State Has Texas-Sized Poverty Problem
AUSTIN (AP) — Texans politicians like to tout the state’s economic growth, but more and more Texans are finding themselves teetering on the edge of poverty.
There is little doubt Texas has survived the Great Recession better than other states, but a study by the Corporation for Enterprise Development has found that 27.7 percent of Texas households have no financial cushion in case of an emergency. If you exclude homes and automobiles from the calculation, a full 50 percent of Texans have no assets they could use to survive if they suddenly lost their income.
When compared to the rest of the country, Texas ranks 41st in financial security. That means even if Texans survived the last economic storm, another one would swamp them. The corporation is a national non-partisan, non-profit that works to create and identify programs and policies that can help poor people move up the economic ladder.
The findings match up with the latest U.S. Census data on Texas, which found that 17.9 percent of Texans — or 4.4 million people — live below the poverty line. That’s 2.6 percent higher than the national average and ranks Texas 40th in the nation. Poverty is calculated by examining the make-up of a household and then comparing them to a minimum cost of living for such a household derived from the consumer price index. If the household makes less money than they need to survive, those people are considered to live in poverty.
There are many theories about why Texas has such a high rate — or if the rate is accurate — and even more ideas about how to solve it. But no matter where Texans stand on the political spectrum, these statistics should be important when considering who to vote for and what policies to support.
About 40 percent of the state budget goes to help the needy.
Poor people depend on Medicaid, a government-financed health insurance program, and as poverty grows so does the expense to the state. Medicaid represents a third of the Texas budget now, and this week Health and Human Services Commissioner Tom Suehs — who was appointed by Gov. Rick Perry — said the program will need an additional $15 billion in the 2014-2015 budget.
Suehs added that $5 billion of that total is the result of the Legislature not appropriating enough money for Medicare in this budget cycle, the equivalent he said of writing a bad check.
Poverty is also most acute among children, with 25.7 percent of Texas children living in poverty, compared to 21.6 percent nationally. According to former state demographer Steve Murdock, a poor child who attends college is seven times more likely to move into the middle class, so public education is critical.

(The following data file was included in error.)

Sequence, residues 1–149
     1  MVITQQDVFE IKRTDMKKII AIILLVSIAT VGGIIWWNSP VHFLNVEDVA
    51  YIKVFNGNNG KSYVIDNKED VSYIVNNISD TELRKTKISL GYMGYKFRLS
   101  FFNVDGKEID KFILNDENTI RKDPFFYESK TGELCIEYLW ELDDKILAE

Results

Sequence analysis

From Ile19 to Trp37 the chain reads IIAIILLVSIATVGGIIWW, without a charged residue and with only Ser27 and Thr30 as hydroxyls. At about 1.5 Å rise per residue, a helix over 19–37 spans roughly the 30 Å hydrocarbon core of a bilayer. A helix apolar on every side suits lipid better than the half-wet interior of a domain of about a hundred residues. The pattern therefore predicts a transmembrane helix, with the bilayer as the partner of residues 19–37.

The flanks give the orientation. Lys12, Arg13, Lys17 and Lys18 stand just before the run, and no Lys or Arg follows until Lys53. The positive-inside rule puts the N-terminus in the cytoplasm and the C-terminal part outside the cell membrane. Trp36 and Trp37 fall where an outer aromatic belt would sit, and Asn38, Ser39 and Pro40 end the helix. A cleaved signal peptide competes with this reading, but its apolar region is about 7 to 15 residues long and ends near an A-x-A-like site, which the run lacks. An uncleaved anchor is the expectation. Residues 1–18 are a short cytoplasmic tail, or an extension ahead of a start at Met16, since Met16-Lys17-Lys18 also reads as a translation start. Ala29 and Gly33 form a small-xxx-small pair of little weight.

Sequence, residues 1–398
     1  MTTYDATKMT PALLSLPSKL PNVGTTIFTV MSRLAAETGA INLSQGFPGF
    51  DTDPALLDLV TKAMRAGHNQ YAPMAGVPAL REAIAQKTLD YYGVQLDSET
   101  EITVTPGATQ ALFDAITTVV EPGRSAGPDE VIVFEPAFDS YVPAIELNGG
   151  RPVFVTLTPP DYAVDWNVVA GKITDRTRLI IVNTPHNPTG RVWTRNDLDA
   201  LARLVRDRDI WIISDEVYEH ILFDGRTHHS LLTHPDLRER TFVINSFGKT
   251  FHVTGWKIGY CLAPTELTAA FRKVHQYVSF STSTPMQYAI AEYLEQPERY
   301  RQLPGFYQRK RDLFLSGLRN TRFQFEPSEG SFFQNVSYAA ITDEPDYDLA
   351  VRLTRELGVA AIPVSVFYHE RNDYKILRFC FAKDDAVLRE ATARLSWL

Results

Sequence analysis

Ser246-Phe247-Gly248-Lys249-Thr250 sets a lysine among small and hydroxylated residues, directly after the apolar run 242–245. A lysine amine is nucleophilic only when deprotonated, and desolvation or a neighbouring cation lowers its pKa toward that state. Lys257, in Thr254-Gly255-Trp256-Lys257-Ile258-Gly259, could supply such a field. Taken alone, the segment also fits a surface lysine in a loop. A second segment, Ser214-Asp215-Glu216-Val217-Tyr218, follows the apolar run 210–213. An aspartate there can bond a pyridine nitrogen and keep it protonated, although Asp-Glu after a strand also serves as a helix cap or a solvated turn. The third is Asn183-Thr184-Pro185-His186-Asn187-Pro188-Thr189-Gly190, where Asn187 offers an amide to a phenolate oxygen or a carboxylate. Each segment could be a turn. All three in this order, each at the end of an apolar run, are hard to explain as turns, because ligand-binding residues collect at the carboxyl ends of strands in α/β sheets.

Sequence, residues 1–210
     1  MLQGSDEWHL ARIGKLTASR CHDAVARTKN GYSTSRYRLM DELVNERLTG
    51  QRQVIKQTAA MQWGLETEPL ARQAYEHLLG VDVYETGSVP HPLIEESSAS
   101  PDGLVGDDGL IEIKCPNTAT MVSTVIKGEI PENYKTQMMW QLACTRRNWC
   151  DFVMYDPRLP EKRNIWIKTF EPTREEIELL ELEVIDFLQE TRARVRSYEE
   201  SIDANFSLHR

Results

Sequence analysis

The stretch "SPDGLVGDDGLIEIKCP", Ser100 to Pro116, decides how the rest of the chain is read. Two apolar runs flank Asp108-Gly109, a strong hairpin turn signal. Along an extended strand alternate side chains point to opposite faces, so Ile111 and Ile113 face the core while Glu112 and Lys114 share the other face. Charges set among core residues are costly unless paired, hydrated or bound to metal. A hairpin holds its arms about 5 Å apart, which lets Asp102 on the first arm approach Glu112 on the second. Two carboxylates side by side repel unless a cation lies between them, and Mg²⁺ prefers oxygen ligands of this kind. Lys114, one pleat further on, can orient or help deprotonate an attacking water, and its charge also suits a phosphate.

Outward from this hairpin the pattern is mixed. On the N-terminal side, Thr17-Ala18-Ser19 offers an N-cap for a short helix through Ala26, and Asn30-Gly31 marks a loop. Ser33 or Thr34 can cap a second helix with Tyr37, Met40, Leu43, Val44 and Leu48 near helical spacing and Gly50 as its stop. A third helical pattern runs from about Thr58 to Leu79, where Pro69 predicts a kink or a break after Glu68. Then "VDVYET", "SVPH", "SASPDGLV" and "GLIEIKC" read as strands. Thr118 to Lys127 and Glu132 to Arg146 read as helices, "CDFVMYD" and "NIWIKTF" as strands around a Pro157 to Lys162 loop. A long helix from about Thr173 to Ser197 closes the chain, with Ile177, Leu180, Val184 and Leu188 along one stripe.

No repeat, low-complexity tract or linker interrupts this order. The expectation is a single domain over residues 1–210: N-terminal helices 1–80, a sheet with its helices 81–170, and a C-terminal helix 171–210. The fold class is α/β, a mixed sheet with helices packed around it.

Yet Texas Education Commissioner Robert Scott, another Perry appointee, apologized last week to the Texas Association of School Administrators for the Legislature’s decision to cut per-student spending in Texas for the first time since World War II, and for cutting $1 billion out of his agency’s programs that have proven successful in boosting student achievement.
So the question remains: What role should state government play in helping people escape poverty?
The Texas Public Policy Foundation is a conservative think-tank in Austin with tremendous influence over Republican officeholders. Bill Peacock, the group’s vice president for research, said more budget cuts are the answer because government is too inefficient to make a difference.
“The poor don’t need a safety net, they need jobs,” Peacock said. Programs like Medicaid, he argued, require working people to pay taxes instead of spending their money in a way that creates more jobs. Conservatives believe that less government spending leads to greater economic prosperity.
Progressives, or liberals, believe that society and the economy are imperfect, and government plays a role in caring for the needy and providing a level playing field. The Austin-based Center for Public Policy Priorities is a non-profit that fights for better government programs to help the poor.
“There needs to be public policy that really enables economic mobility and removes policies that get in the way,” said Don Baylor, a senior policy analyst at the center. As an example, Texas law requires someone to empty their savings account before they can receive financial help, which also happens to make it more difficult for that person to get back on their feet.
In the Occupy Wall Street and tea party era, economic inequality will be an important issue in the 2012 election, particularly in Texas where it appears to be only getting worse. The choices of how to solve the problem couldn’t be more different.